The last time I had been at Woolaroc was over 45 years ago when I was a nine year old boy in 4th grade at Lutheran School in Ponca City. My father, Dale Pickens, drove school buses for the Ponca City School System and chartered his school buses for church groups and private organizations and I remember that dad drove our class over to spend the day at Woolaroc.
As a nine year old boy, I thought Woolaroc was exciting and wonderful. The most fascinating items were the dinosaur egg from the Gobi Desert, the shrunken heads from the Amazon jungle, and a miniature of the Pioneer Woman Statue that I had seen in Ponca City many times and eleven more miniatures that were never produced as full side statues.
With the perspective of 57 years of age and having seen museums all over the world, Woolaroc seems a lot different now than I remembered and the emotions I felt while I was walking through the museum weren't so much excitement as sadness and regret over lost innocence.
When I was nine years old I asked my father why the Pioneer Woman Statue was in Ponca City and the miniatures were 75 miles away in Woolaroc. He wouldn't tell me me and I forgot about it for forty years. Visiting Woolaroc made me remember my questions and do some research.
I decided I wanted to find out what really happened and the best way for me to develop a factually accurate narrative is to research an article for Wikipedia so I researched and wrote a section on the Pioneer Woman Models and added it to the Wikipedia article about Woolaroc.
Here is the story.
In 1928, EW Marland, founder of Marland Oil Company (later to become Conoco) and one of the richest men in the world, commissioned twelve miniature 3-foot sculptures that were submitted by US and international sculptors as models for the Pioneer Woman. Marland paid each sculptor $10,000 for his submission. The miniatures traveled to twelve cites where they were viewed by 750,000 people who cast votes for their favorite.
The winning statue was produced by British-born American sculptor Bryant Baker and was unveiled in a public ceremony on April 22, 1930 when forty thousand guests came to hear Will Rogers pay tribute to Oklahoma's pioneers. The Pioneer Woman Statue, located in Ponca City, is 27 feet high and weighs 12,000 pounds.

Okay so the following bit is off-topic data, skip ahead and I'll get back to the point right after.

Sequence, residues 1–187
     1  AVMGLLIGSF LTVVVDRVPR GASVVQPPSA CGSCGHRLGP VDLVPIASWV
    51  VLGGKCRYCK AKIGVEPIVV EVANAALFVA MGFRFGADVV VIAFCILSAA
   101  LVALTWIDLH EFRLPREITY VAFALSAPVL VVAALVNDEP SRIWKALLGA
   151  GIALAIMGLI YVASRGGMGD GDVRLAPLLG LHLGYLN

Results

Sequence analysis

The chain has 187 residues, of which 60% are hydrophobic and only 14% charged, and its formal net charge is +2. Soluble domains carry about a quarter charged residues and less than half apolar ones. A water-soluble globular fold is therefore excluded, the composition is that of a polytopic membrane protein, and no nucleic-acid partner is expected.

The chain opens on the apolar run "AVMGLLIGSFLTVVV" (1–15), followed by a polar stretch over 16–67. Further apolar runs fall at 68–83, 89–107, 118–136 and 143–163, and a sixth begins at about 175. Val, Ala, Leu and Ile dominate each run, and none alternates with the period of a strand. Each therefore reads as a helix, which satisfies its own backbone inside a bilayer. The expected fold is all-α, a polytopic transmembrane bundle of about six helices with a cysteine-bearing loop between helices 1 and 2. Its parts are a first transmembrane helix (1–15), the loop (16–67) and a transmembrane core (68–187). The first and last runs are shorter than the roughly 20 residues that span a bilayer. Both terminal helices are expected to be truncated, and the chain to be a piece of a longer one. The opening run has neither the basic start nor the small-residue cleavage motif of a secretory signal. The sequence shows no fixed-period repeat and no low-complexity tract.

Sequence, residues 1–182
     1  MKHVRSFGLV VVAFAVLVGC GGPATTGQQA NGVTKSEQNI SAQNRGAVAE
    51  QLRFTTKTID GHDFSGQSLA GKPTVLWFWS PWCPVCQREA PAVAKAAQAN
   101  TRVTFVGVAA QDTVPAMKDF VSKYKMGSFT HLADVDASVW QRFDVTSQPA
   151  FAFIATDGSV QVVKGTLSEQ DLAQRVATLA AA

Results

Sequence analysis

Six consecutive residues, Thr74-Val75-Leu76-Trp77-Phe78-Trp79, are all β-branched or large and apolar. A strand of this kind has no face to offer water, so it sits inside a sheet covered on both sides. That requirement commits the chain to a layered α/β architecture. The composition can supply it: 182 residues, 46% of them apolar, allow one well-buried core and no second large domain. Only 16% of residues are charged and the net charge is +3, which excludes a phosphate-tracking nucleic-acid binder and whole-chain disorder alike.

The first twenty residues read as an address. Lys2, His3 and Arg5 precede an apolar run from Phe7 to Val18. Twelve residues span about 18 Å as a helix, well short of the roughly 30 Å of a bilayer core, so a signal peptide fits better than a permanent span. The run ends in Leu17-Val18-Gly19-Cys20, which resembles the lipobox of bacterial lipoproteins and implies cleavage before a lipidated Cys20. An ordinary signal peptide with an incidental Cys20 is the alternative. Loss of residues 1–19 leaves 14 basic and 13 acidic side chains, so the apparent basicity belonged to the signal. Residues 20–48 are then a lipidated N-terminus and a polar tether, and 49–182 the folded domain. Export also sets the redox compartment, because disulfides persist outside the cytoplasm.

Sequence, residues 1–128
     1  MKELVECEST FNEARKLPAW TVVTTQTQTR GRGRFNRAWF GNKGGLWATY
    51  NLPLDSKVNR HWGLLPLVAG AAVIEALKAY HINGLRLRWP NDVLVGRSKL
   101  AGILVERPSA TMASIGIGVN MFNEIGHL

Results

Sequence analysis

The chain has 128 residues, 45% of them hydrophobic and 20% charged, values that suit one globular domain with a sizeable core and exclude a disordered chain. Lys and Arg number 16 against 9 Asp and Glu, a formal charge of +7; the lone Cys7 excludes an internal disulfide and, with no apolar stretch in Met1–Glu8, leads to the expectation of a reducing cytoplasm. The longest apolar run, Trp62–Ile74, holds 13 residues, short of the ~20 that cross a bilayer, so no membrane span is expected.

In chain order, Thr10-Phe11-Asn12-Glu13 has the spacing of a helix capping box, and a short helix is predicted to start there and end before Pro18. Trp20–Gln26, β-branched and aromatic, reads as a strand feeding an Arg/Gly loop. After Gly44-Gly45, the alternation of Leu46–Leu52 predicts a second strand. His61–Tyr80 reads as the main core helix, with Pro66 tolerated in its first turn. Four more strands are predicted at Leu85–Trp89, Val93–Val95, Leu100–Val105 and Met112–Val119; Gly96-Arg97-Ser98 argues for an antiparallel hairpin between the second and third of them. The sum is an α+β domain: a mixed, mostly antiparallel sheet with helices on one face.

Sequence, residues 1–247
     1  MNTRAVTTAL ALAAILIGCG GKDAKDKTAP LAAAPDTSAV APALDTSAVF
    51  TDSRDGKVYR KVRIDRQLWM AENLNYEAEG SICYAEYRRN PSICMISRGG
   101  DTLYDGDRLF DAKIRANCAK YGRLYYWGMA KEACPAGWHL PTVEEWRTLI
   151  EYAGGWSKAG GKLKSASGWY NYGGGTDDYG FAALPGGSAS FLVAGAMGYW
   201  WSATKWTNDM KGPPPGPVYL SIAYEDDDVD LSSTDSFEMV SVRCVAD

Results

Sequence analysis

After financial reverses that included the loss of his company Marland Oil Company, E. W. Marland wrote a letter to his friend Frank Phillips on March 11, 1940: "My financial condition compells [sic] me to sell objects of art, tapestries, bronzes, rugs, and paintings acquired by me in more prosperous years. I will sell at a price approximately 25 per cent of their cost to me... And will consider it a kindness if you will come yourself or send someone to look them over with the object of buying anything you fancy."
Phillips sent art expert Gordon Matzene to inspect the bronzes and began bargaining with Marland for their purchase. In the end Phillips offered Marland $500 for each of the twelve miniatures. Matzene declared that the purchase was a wonderful bargain and the miniatures were removed from Ponca City along with other statues and artwork to became part of Phillips' collection at Woolaroc where they are on display today.
The Frank Phillips Foundation that runs Woolaroc Museum was founded in 1937 by Frank Phillips and his wife Jane Phillips with "the primary purpose of providing educational support for the employees of Phillips Petroleum Company and their families." Now that Phillips and Conoco have merged into ConocoPhillips, there are lots of Phillips employees in Ponca City who would benefit from Woolaroc's mission of providing educational support for their employees.
Wouldn't it be a noble gesture if the Frank Phillips Foundation returned EW Marland's twelve miniature statues of the Pioneer Women to Ponca City where they really belong to benefit Phillips employees in Ponca City?
Take a look at the photo essay of the Pioneer Woman Miniatures that I put together with additional information on the history of this unique sculptural competition.